O were my Love yon Lilac fair

Robert Burns wrote this in 1793, towards the end of his life. It’s as much about roses as the lilac, but isn’t the best known of his rose songs.  You will usually hear it sung to the traditional tune Hughie Graham – he was a notorious cattle thief who terrorized the debatable lands between England and Scotland in the mid-16th century.

O WERE my Love yon lilac fair,

Wi’ purple blossoms to the spring,

And I, a bird to shelter there,

When wearied on my little wing!

How I wad mourn when it was torn

By autumn wild and winter rude!

But I wad sing on wanton wing,

When youthfu’ May its bloom renew’d.


O gin my love were yon red rose,

That grows upon the castle wa’;

And I mysel a drap o’ dew,

Into her bonie breast to fa’!

O there, beyond expression blest,

I’d feast on beauty a’ the night;

Seal’d on her silk-saft faulds to rest,

Till fley’d awa by Phoebus’ light!


May 1915

Charlotte Mary Mew was born in London in 1869.  She is said to have been haunted by unrequited love and the fear of madness throughout her life.  Mew is not known as a war poet, but this poem is as much about life and renewed human hope as it is about the seasons. It was written a hundred years ago between the landings at Gallipoli and the first Zeppelin raid on London.

Let us remember Spring will come again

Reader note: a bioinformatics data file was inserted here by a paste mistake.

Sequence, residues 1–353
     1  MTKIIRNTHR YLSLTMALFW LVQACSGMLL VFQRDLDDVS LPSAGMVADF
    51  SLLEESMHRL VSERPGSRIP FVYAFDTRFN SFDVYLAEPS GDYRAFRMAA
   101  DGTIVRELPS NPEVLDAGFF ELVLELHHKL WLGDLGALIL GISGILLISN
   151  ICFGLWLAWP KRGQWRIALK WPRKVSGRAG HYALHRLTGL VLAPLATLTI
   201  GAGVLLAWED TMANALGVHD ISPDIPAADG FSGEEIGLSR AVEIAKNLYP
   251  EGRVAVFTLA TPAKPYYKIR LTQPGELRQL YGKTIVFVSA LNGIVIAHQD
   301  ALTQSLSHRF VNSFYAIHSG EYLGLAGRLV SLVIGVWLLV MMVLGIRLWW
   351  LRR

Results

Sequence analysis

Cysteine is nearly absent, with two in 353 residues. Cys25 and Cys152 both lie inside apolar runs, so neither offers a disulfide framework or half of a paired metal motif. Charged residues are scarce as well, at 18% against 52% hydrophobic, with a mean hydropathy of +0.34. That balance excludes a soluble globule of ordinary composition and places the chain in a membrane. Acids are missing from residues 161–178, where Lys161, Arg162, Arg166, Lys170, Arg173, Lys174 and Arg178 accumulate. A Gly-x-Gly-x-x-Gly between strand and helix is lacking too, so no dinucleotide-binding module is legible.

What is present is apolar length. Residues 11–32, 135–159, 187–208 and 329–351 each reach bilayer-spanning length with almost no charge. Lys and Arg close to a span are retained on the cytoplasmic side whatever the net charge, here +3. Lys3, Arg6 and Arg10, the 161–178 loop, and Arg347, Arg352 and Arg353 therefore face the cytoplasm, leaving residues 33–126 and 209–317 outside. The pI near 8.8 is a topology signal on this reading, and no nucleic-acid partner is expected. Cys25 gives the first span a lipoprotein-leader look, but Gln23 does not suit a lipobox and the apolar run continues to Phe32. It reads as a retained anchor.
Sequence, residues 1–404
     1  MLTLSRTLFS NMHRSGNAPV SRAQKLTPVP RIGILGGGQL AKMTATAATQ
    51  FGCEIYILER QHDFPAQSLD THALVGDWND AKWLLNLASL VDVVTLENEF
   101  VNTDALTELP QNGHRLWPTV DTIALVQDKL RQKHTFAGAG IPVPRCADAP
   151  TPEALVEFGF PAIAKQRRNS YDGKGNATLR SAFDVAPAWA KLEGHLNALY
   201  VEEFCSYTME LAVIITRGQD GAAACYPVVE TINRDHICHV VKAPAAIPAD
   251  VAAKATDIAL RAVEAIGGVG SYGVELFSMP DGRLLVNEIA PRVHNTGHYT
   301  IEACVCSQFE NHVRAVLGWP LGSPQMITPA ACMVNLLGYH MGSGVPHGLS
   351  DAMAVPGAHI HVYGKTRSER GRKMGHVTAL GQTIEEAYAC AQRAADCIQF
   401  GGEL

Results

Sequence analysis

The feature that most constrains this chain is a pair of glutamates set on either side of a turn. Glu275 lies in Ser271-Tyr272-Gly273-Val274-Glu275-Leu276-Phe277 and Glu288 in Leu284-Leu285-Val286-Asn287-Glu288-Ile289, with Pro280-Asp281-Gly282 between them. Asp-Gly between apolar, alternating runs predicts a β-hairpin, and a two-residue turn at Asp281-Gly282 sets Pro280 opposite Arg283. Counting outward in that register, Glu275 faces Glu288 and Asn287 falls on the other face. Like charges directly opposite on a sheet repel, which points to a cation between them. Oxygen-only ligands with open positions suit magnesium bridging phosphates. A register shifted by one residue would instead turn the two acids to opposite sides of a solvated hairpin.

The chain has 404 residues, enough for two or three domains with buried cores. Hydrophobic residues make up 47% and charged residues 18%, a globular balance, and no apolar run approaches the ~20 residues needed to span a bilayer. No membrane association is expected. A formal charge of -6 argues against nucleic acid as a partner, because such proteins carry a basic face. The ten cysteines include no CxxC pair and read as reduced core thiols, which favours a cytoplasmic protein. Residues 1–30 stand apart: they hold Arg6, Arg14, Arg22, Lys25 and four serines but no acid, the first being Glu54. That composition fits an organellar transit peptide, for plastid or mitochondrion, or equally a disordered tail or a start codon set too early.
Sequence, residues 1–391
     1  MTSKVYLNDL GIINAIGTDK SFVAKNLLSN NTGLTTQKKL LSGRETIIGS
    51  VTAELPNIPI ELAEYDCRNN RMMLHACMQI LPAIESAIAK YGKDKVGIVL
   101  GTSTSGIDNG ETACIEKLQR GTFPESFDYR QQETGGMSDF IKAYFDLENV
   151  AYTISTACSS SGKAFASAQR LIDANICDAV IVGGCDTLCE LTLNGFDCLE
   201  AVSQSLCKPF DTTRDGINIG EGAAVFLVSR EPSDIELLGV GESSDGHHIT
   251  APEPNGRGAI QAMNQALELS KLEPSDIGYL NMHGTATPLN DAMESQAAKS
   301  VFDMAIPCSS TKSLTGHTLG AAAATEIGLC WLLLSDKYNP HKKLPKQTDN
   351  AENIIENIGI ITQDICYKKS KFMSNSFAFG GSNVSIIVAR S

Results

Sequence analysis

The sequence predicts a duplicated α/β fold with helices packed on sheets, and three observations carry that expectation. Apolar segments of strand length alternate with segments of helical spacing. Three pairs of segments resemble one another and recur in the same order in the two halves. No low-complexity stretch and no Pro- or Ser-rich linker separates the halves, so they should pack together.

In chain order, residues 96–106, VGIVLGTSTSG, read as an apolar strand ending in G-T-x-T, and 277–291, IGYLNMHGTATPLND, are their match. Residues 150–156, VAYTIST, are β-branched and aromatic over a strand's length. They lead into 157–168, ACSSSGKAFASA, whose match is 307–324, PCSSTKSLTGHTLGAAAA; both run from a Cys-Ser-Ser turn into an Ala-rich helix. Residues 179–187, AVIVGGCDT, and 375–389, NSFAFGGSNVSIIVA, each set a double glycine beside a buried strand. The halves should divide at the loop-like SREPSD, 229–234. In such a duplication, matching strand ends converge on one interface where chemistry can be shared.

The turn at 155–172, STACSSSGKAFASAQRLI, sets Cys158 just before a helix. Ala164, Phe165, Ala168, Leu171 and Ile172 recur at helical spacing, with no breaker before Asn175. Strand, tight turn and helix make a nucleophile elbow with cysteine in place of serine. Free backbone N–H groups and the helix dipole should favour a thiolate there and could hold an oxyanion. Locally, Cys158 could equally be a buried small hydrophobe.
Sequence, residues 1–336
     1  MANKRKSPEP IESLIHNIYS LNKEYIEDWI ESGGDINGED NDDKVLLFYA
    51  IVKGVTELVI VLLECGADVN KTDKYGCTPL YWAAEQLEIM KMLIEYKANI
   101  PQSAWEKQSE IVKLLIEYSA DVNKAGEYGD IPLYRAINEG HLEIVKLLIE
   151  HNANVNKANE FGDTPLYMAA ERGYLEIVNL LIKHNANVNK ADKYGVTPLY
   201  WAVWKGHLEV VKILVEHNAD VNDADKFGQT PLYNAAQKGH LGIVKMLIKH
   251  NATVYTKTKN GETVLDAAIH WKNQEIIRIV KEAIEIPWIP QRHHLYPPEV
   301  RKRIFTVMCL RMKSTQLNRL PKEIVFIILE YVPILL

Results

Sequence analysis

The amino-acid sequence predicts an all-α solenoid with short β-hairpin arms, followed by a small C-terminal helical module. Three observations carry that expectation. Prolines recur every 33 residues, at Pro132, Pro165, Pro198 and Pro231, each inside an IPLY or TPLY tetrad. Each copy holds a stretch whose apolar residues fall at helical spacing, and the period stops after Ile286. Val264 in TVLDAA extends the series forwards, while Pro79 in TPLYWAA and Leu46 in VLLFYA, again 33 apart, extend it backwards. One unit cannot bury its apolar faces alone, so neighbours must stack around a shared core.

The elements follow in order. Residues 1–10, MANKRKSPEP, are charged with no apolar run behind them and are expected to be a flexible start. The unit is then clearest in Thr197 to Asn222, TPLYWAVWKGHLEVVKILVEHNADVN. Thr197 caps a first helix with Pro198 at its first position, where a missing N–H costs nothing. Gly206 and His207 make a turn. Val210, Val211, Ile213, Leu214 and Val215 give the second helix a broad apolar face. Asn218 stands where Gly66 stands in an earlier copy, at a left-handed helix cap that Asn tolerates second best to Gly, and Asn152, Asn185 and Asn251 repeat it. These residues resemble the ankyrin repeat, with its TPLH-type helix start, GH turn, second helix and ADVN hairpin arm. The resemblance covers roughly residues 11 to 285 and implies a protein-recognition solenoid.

To the scorched, blackened woods, where the wounded trees

Wait with their old wise patience for the heavenly rain,

Sure of the sky: sure of the sea to send its healing breeze,

Sure of the sun, and even as to these

Surely the Spring, when God shall please,

Will come again like a divine surprise

To those who sit today with their great Dead, hands in their hands

Eyes in their eyes

At one with Love, at one with Grief: blind to the scattered things

And changing skies.

The Soote Season

THE soote season, that bud and bloom forth brings
With green hath clad the hill, and eke the vale;
The nightingale with feathers new she sings;
The turtle to her make hath told her tale.
Summer is come, for every spray now springs;
The hart hath hung his old head on the pale;
The buck in brake his winter coat he flings;
The fishes float with new repairèd scale;
The adder all her slough away she slings;
The swift swallow pursueth the flies small;
The busy bee her honey now she mings;
Winter is worn that was the flowers’ bale.
And thus I see among these pleasant things
Each care decays, and yet my sorrow springs.

This is by Henry Howard, Earl of Surrey, and first cousin to Anne Boleyn. He was executed, age 30, in 1547 having lost the trust of that other, more powerful, Henry. Howard is known, with Sir Thomas Wyatt, as the father of the English sonnet.

soote, sweet; eke, also;  turtle, turtledove;  make, mate;  brake, thicket;  flete, float;  mings, mingles or remembers.

Oh, to be in England

Home Thoughts from Abroad

Oh, to be in England
Now that April’s there,
And whoever wakes in England
Sees, some morning, unaware,
That the lowest boughs and the brushwood sheaf
Round the elm-tree bole are in tiny leaf,
While the chaffinch sings on the orchard bough
In England – now!!

And after April, when May follows,
And the whitethroat builds, and all the swallows!